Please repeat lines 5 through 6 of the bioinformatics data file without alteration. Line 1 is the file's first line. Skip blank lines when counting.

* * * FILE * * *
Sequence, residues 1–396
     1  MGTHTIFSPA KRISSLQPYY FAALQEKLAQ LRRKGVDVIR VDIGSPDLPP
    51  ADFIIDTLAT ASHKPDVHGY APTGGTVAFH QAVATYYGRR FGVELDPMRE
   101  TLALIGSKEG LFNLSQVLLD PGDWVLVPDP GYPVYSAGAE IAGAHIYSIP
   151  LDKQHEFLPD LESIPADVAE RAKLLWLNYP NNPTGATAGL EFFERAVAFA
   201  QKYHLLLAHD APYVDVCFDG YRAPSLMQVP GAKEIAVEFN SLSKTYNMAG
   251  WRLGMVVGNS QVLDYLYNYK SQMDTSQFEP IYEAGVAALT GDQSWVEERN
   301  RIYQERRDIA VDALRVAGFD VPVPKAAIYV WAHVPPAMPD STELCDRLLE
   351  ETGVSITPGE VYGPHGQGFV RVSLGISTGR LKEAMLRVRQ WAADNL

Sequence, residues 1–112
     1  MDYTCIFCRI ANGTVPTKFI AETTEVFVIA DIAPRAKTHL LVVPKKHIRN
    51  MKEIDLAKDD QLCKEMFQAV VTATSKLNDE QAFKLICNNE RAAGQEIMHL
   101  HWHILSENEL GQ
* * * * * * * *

   151  LDKQHEFLPD LESIPADVAE RAKLLWLNYP NNPTGATAGL EFFERAVAFA
   201  QKYHLLLAHD APYVDVCFDG YRAPSLMQVP GAKEIAVEFN SLSKTYNMAG